Ashiya Kumari (11) and Sofia Sheikh (14) study at the PES School in Yerwada, meant for children from low-income families. While Ashiya’s father works in a clothing factory in Mumbai, Sofia’s father is a small-time caterer. Despite their socio-economic background, the two girls have impeccable English-speaking skills. Recently, as part of the TedEd Club, one of the initiatives of TED, which is headquartered in New York, Sofia and Ashiya have recorded videos on topics “Everyone is a Teacher” and “Each Voice Matters”. The duo’s videos have received hundreds of “likes” and views on social media. Ted is devoted to spreading ideas, mostly in the form of short, powerful talks.
Stressing on the thought of ideal teacher-student ratio as 1:1, in her video “Everyone is a Teacher”, little Ashiya says, “In our school, there are 300 students and just 10-15 teachers. This creates a lot of stress on the title holders (teachers). Sometimes when they are not around, the students don’t learn anything new. But why do students have to rely on those few teachers? Why can’t student realise that there’s a teacher in them? These questions always bothered me and I decided to do something. Whenever my teacher is not around, I monitor the class, give them sums etc,”
On the other hand, in her video — “Each Voice Matters” — Sofia tells two stories. The first story is about a girl who was born in Bihar. She really wanted to go to school, but her parents always used to tell her that she must sit at home and work as she had to get married. She asked why were her brothers sent to school? She insisted on studying and finally began going to school. She dreams of becoming an IPS officer. The second story is about a girl who stayed next to her house. Her brothers were sent to school, but she wasn’t. She kept working at home and one day got married. She regretted not raising her voice. She goes on to share in the video, “The first story is mine and the second one is of a girl from my village. According to UNESCO report, the literacy rate of men in India is 82% and women is just 65%. But I believe that instead of waiting for things to happen, we must raise our voice. Each one of us have voice and power to move things.”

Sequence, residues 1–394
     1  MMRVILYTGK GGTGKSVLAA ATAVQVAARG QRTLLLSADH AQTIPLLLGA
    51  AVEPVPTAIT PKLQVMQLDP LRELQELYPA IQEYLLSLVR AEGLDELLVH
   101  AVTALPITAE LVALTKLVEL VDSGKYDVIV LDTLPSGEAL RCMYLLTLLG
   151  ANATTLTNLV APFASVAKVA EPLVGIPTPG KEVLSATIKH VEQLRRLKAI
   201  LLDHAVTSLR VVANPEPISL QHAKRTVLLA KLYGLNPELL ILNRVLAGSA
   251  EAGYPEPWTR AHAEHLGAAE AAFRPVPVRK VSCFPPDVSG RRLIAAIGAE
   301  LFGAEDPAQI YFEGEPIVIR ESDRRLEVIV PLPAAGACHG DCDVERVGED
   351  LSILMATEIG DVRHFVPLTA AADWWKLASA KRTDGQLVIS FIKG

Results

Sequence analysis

TedEd Club was introduced at PES School over six months ago by Teach For India (TFI) fellow Manisha Upreti, who worked with eight students of PES School to prepare a talk on a topic they felt strongly about. “It so happened that more than six months back, I was browsing through the website of Ted and read about their TedEd Club. I had been wanting to do something exciting with the students and so decided to apply for the Club. We had to go through an extensive application process followed by a video conference, after which we selected a mixed bag of students. Initial few months went into discussions after which we asked them to prepare for a topic. The TFI fellows worked with them on voice modulation, articulation, body language, hand gestures etc. We also researched and added some data to make it strong,” said Upreti.
Speaking about the experience of making the video, Sofia says that though initially she was nervous, she got better gradually and is thrilled about it.
Other than Sofia and Ashiya, other members of TedEd Club members explored topics like “One hour of music in schools”; “It’s easy to learn anything that we want”; “Innovation in Road and Safety” and so on.
Interestingly, the TedEd activity inspired the students to start their own clubs in the school, shares the TFI fellow. While two girls conducted a reading club with the students struggling with literacy skills, other two conducted arts and crafts club to build a sense of creativity, self-expression and discipline in students. One boy was seen holding a science club where students would explore different science concepts and then test it through experiments with the help of science manuals and books, another boy conducted a singing club in school to build love for music among kids in the school.
“In this entire process, we slowly came to realise that there are a lot of things that go beyond the ambit of performance tasks and assessments. These are stories, voices, ideas and experiences which deserve to be heard with a hope to inspire many,” said Upreti.